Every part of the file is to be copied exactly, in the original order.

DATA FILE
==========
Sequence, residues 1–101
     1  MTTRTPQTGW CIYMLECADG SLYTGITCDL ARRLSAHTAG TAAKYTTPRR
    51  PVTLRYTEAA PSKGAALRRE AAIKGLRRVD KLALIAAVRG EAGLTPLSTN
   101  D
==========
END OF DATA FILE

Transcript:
Sequence, residues 1–101
     1  MTTRTPQTGW CIYMLECADG SLYTGITCDL ARRLSAHTAG TAAKYTTPRR
    51  PVTLRYTEAA PSKGAALRRE AAIKGLRRVD KLALIAAVRG EAGLTPLSTN
   101  D